Black History Celebrated with Music and More at Mason during February
Posted: January 29, 2007 at 1:00 am, Last Updated: November 30, -0001 at 12:00 am
The award-winning Soweto Gospel Choir is noted for its ability to transcend cultural boundaries and connect with diverse audiences, spreading a message of love, joy and hope to audiences all over the world. The choir will appear at Mason’s Center for the Arts during Black History Month.
If there is one thing that sets Mason’s Black History Month apart from most campus celebrations, it is the music.
From Mason’s own gospel choir, the Anointed Voices of Unity, and music professor Patricia Miller’s stirring tribute to Martin Luther King Jr. to Mason’s annual collaboration with the Duke Ellington School and a Center for the Arts performance of the Soweto Gospel Choir, the month of February will provide musical celebrations galore.
These uplifting performances will offer a backdrop to the 2007 theme, From Slavery to Freedom: The Story of Africans in the Americas. With the global focus of this year’s theme, the campus community will engage in small and large group discussions intended to address global, national and local efforts to ensure equality and justice for all.
Black History Month Origins
Black History Month grew out of Negro History Week, first celebrated in February 1926. Initiated by Carter G. Woodson, a noted black historian and the son of former slaves, the week was set in February to coincide with the birthdays of Frederick Douglass and Abraham Lincoln.
After earning a PhD from Harvard University, Woodson began teaching high school and soon discovered that schools did not teach the history of black Americans. He decided to take on the challenge of writing African Americans back into the nation’s history. He started the Association for the Study of Negro Life and History in 1915 and worked to collect, preserve and perpetuate pieces of African American history and culture.
His association was later renamed the Association for the Study of Afro-American Life and History. In 1976, Negro History Week was expanded to become Black History Month, which is now celebrated nationally.
The King Celebration
The Soweto choir will bring their powerful music to Mason during Black History month.
At Mason, this year’s Black History Month kicks off with the annual Martin Luther King Jr. Celebration on Thursday, Feb. 1. As in years past, the Anointed Voices of Unity will lead the campus in the symbolic unity march that begins at the George Mason statue at 1 p.m. and ends at Dewberry Hall.
The program titled “Remember … the Journey, Celebrate … the Spirit of King, Act … on His Legacy” starts at 1:30 p.m. in Dewberry Hall and features ABC 7 news anchor Maureen Bunyan as the guest moderator.
Featured panelists include Hazel McFerson of the Department of Public and International Affairs, Richard Rubenstein of the Institute for Conflict Analysis and Resolution, Solomon Wondimu of the Department of Art and Visual Technology, and Shaoxian Yu of the Office of Diversity Programs and Services. Panelists will share their experiences of meeting and working with King.
International operatic artist Miller of the Department of Music will perform musical selections during the program, accompanied by music professor Linda Monson on the piano.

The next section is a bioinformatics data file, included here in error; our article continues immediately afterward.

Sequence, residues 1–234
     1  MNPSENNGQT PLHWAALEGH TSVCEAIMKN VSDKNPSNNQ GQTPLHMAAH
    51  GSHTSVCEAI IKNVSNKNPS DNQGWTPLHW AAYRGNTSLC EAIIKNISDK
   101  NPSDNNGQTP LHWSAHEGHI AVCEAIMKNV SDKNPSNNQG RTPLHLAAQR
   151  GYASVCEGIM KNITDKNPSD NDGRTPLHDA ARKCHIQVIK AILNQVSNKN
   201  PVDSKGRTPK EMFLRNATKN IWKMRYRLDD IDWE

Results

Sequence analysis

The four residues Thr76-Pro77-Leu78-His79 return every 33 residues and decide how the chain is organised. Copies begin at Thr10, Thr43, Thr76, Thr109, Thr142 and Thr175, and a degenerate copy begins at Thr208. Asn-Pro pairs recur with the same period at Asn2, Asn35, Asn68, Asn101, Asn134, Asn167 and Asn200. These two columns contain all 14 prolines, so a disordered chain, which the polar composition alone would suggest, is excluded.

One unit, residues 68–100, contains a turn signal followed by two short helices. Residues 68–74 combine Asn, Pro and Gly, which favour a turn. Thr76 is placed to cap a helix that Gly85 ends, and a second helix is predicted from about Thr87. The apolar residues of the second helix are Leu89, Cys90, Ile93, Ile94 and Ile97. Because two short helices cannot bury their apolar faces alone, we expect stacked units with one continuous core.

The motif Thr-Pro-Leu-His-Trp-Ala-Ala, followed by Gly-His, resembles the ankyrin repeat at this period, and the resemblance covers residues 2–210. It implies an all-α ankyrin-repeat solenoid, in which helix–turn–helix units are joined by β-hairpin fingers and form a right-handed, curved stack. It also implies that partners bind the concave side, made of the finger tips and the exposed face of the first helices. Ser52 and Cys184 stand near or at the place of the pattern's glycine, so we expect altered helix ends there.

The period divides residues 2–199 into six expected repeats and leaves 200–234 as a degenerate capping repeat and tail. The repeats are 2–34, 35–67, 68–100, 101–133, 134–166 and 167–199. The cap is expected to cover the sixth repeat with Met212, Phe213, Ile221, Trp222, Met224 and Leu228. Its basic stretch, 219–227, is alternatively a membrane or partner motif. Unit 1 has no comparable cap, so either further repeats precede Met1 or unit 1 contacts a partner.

Each year, the African American Studies Program and the Department of Music at Mason join forces with the nearby Duke Ellington School of the Arts Show Choir for a special performance. The title of this year’s piece is “The Drum Beat for Freedom: A Celebration of African American Art, Culture and Music.”
The performance, which takes place on Friday, Feb.16, at 8 p.m. in the Concert Hall, features keynote speaker Bernice Johnson Reagon. A Freedom Singer and active participant in the Civil Rights Movement of the 1960s, Reagon founded the a cappella ensemble Sweet Honey in the Rock in 1973.
On Sunday, Feb. 18, the Soweto Gospel Choir is also appearing in the Concert Hall at 4 p.m., as part of the Center for the Arts’ Global View series.
A Multitude of Activities
Lectures, musical presentations, student leadership training and seminars will be held at Mason in February to mark Black History Month. Highlights include:
- A series of lectures by African American Scholar-in-Residence Marsha Coleman-Adebayo will take place throughout the spring semester. Known as the “mother of the first civil rights law of the 21st century,” Coleman-Adebayo will address “Vanadium Poisoning in South Africa: A Global Call to the Beloved Community” in her first lecture on Wednesday, Feb. 21, at 1 p.m. in the Johnson Center, Room 240A.
- Comedian Rene Hicks will perform in the Bistro on Friday, Feb. 23, at 9 p.m. Hicks was the first African American woman to be nominated for an American Comedy Award. Her many TV appearances included the shows “Comedy Central” and “Politically Incorrect.”
- On Tuesday, Feb. 6, the African Student Association hosts a Refugee Youth Speak Out from 4 to 6 p.m. in the Student Union Building II Ballroom. The topic is “Children Affected by War: Transcending Victimhood to Active Peacebuilding.” Featured guests include Betty Bigombe, chief peace mediator for Uganda, and internationally acclaimed child rights activist Kimmie Weeks.
- Frank Harold Wilson, a sociologist from the University of Wisconsin at Milwaukee, will present the annual W.E.B. Du Bois Lecture on Tuesday, Feb. 13, at 10:30 a.m. in Harris Theater.
- Between the Lines Production Company will perform “Platanos and Collard Greens” on Thursday, Feb. 22, at 7 p.m. in the Johnson Center Dewberry Hall. Based on David Lamb’s book, “Do Platanos Go Wit’ Collard Greens?” this intellectual, romantic comedy examines stereotypes and cultural differences and similarities between blacks and Latinos.
For more information, call the Office of Diversity Programs and Services at 703-993-2700.